In considering your question, we are guided by the plain language of the statute itself. When a statute is unambiguous, its meaning must be derived from the plain language of the statute alone State v. Sullivan, 143 Wn.2d 162, 175, 19 P.3d 1012 (2001). When the legislature has not defined statutory terms, and where no contrary intent is evident in the statute, statutory terms are given their common and ordinary meaning. American Legion Post 32 v. City of Walla Walla, 116 Wn.2d 1, 8, 802 P.2d 784 (1991). Dictionaries can be used to help determine such meaning Id. at 8. As explained above, net proceeds retained by the seizing law enforcement agency pursuant to RCW 10.105 can only be used for the expansion and improvement of law enforcement activity. The dictionary defines “expansion,” in relevant part, as “the act or process of increasing the extent, size, number, volume, or scope.”Webster’s Third New International Dictionary 798 (2002). “Improvement” is defined, in relevant part, as the “enhancement or augmentation of value or quality.” Webster’s at 1138.
We conclude that accreditation and reaccreditation, such as that offered by CALEA and WASPC, and necessary associated training, falls squarely within the purpose of improving law [originalpage 4] enforcement activity. This is because the purpose of such accreditation is typically to enhance or augment the value or quality of law enforcement. We do not, however, mean to suggest that all accreditation, reaccreditation, and necessary associated training programs can be funded under RCW 10.105.010 without limitation. First, to be funded out of proceeds retained by a seizing law enforcement agency under RCW 10.105.010(7), any accreditation, reaccreditation, or associated training would have to expand or improve law enforcement activity. Whether a particular program satisfies this requirement would have to be evaluated on an individual basis. Additionally, this funding cannot supplant preexisting funding sources. RCW 10.105.010(7)(c).
Although your inquiry does not specify to the nature of the criminal activity that gives rise to the forfeited property, the legislature has put more specific constraints on certain kinds of state asset forfeiture funds. As noted above, RCW 10.105 does not apply to property forfeited under these statutes. See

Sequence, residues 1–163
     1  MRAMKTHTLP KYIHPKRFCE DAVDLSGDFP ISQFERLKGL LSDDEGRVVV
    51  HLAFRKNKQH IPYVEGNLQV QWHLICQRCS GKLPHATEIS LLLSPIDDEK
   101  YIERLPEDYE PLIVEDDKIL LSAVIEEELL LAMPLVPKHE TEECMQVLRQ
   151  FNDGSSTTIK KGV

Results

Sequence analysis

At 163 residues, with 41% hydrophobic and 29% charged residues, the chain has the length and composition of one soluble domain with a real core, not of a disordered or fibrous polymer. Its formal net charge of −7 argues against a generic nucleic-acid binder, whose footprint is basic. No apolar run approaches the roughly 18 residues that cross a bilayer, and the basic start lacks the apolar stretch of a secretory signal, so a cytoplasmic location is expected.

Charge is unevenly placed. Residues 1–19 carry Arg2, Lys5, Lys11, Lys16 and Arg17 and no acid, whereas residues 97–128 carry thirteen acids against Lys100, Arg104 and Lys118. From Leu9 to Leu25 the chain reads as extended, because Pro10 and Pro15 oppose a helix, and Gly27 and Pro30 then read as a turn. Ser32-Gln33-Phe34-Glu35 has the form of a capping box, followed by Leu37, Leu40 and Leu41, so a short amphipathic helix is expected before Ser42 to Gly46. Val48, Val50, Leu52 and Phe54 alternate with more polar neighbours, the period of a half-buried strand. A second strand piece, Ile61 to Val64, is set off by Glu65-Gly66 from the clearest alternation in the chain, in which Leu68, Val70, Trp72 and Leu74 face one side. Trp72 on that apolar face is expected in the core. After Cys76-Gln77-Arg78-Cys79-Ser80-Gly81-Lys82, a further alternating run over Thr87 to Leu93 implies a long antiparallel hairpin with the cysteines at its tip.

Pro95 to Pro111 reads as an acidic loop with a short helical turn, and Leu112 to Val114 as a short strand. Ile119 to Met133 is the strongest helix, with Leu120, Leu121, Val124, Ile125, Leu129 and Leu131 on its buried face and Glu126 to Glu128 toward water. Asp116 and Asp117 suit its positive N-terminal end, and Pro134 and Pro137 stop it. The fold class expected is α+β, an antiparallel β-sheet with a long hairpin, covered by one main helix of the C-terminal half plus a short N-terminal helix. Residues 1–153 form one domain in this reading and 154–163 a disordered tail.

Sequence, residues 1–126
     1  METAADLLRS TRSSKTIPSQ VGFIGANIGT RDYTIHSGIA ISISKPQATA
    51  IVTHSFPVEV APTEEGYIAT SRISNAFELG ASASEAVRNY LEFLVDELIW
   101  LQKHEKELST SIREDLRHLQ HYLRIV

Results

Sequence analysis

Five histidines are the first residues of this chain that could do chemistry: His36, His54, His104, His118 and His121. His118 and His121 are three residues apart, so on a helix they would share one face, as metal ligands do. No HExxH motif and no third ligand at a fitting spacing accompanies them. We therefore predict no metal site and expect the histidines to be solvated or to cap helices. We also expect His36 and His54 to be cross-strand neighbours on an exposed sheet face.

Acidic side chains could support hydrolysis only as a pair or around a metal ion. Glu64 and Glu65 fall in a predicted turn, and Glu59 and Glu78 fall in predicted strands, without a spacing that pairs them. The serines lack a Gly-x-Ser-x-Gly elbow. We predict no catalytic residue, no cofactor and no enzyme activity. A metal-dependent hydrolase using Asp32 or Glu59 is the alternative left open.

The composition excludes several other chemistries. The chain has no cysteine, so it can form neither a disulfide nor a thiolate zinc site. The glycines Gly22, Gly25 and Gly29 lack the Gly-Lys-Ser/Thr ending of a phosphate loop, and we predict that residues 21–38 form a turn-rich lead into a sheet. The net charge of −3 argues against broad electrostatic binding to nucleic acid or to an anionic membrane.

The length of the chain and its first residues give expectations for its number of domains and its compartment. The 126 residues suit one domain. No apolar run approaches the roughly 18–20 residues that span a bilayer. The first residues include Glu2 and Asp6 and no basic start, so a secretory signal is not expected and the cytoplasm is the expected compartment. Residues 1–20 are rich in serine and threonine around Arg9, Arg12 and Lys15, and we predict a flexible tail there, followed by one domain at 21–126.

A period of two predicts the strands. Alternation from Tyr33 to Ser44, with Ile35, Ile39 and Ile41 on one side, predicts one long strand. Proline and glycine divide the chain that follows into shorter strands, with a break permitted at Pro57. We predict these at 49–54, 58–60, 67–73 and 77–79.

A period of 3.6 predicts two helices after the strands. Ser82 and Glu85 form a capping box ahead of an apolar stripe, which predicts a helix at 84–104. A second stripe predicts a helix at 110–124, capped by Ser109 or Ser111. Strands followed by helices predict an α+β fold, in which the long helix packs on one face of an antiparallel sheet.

RCW 10.105.900. The statutes include RCW 69.50.505, relating property associated with violations of controlled substances laws. It states:
[N]et proceeds not required to be paid to the state treasurer shall be retained by the seizing law enforcement agency exclusively for the expansionand improvement of controlled substances related law enforcement activity. Money retained under this section may not be used to supplant preexisting funding sources.
RCW 69.50.505(10) (emphasis added). Disposition of forfeited property under RCW 9A.83.030, which addresses property associated with money laundering, is also governed by RCW 69.50.505(10), and thus the same restrictions apply. See RCW 9A.83.030(6). And finally, funds from forfeiture of property associated with gambling activity are subject to a scheme similar to controlled substance forfeitures, whereby:
The seizing law enforcement agency shall retain . . . net proceeds exclusively for the expansionand improvement of gambling-related law enforcement activity. Money retained under this section may not be used to supplant preexisting funding sources.
RCW 9.46.231(8) (emphasis added).
In AGO 1995 No. 11, we opined that RCW 69.50.505 does not restrict the use of drug forfeiture proceeds to law enforcement activities that are related exclusively to controlled [original page5] substances.  AGO 1995 No. 11, at 1-2. Rather, reviewing the plain language of the statute and ordinary definitions of the terms, we concluded that the language now found in RCW 69.50.505(10) authorizes use of drug forfeiture proceeds for law enforcement activities having a “close connection” to enforcing controlled substances laws. AGO 1995 No. 11, at 3. Further, we explained that these funds would not be available for “general law enforcement activities having no significant relationship to enforcing controlled substances laws.” AGO 1995 No. 11, at 3.
We do not discern the existence of a “close connection” between enforcement of controlled substances or gambling laws and accreditation by organizations like CALEA and WASPC. Instead, accreditation by such organizations falls into the category of improving general law enforcement activities which may be beneficial to overall law enforcement objectives. Thus, net proceeds from forfeitures retained by seizing agencies under RCW 69.50.505, RCW 9A.83.030, and RCW 9.46.231 are not available for funding general accreditation and reaccreditation through organizations like CALEA and WASPC. Such proceeds would likewise be unavailable for training required for accreditation unless (a) there is a close connection between a given training and enforcing controlled substances laws  for purposes of RCW 69.50.505 and RCW 9A.83.030, or gambling laws for purposes of RCW 9.46.231; and (b) the funding would not supplant existing funding sources.
Finally, this opinion should not be read as an endorsement of any particular accreditation organization. Each accreditation program should be individually evaluated by the law enforcement agency considering devoting resources to accreditation.
We trust that the foregoing will be useful to you.
ROB MCKENNA Attorney General
MELISSA P. ROURKE Assistant Attorney General